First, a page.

Before its literary fashions were first updated, the South was enjoyed by several high-profile writers as a noble character, a pedestal upon which sugar-coated stories of antebellum grandeur and rosy shards of a once-prestigious aristocracy could be laid out for the masses.
“Gone With the Wind” and “Birth of a Nation,” in particular, introduced a brand of Southern history and culture to the entertainment mainstream with such self-aggrandizing bewilderment that most were unsure where fact began and fiction ended. Critics would later argue that similar “Lost Cause” depictions were the work of a battered ego fighting to either save the reputation of the Old South elites or avenge the defeat of its desperate soldiers, the suffering of its war-ravaged civilians, by rectifying the portrayal of their motives and ways of life.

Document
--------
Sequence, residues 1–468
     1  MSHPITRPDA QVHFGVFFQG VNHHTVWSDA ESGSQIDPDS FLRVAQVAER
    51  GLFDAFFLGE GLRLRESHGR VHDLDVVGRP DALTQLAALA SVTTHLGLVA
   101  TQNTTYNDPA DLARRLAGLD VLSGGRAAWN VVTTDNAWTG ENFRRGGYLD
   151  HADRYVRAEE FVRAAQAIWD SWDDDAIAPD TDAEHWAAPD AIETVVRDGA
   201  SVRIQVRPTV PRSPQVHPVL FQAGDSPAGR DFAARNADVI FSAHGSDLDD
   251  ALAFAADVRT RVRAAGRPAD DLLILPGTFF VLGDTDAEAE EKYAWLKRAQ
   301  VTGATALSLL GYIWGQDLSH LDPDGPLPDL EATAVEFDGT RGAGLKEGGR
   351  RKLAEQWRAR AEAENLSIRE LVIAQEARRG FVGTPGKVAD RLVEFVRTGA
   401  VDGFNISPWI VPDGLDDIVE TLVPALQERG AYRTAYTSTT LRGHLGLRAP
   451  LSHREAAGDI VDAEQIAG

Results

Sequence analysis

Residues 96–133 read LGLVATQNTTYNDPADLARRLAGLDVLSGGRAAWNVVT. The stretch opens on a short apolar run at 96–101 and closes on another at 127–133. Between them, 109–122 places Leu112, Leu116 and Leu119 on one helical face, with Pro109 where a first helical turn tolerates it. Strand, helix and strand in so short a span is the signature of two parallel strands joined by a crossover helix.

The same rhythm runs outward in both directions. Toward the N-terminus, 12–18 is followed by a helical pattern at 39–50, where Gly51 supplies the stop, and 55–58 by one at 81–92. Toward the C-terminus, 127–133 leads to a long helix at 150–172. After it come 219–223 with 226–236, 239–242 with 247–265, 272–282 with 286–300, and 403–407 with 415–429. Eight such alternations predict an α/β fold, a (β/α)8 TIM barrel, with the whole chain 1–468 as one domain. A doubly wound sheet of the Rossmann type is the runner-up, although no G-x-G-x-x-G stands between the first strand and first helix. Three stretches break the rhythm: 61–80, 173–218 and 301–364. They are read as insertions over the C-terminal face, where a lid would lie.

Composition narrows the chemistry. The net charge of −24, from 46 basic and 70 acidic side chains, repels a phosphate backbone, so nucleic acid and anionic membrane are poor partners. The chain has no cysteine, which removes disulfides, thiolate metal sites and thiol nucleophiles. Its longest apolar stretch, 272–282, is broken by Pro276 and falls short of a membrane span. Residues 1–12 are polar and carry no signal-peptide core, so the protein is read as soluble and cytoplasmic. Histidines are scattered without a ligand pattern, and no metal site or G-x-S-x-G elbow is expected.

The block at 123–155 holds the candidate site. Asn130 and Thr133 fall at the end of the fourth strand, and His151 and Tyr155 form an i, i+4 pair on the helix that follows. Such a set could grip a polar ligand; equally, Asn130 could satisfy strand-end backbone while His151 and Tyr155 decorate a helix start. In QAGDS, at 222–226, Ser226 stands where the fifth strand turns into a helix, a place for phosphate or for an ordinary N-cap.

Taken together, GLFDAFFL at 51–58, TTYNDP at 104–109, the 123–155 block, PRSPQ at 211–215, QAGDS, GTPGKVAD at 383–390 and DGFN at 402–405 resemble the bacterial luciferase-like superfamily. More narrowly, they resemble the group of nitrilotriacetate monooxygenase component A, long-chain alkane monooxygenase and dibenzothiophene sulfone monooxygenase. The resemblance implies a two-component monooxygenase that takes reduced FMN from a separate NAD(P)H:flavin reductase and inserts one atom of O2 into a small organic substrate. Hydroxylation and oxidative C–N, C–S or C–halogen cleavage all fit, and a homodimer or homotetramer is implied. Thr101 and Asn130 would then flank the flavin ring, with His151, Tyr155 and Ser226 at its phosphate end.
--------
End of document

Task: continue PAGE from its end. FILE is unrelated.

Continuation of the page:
But, as the horrors of early and mid-20th-century racial violence made national news, the country seemed to have heard enough from the South for awhile. What rippled was a justly deserved, although unwritten, new rule: no honest story about the South could be told without the acknowledgment of its wrongs at the forefront.
For the remainder of the 20th century, the increasingly withdrawn South wrestled with itself as a new generation struggled to understand its identity and its relationship with a country once believed to be its oppressive arch nemesis. Young artists scavenged the wreckage for remnants of a fractured culture, much of which had been appropriated, suppressed, revised or fabricated by Southerners and non-Southerners alike for so long that everyone seemed stumped by the truth.
All the questions among the debris of a failed rebellion funded by the heinous institution of slavery made it easy to mishandle the South’s story, effectively making its people even easier to repudiate or evade. For both pop culture and much of the Ivory Tower, the South became fun to poke with long sticks from big, bright cities. By the end, the South had successfully been entangled in a cultural and social paradox, depicted as equal parts evil, tragic, inferior and charming, living on in the national conversation as a place that public opinion either hated to love or loved to hate.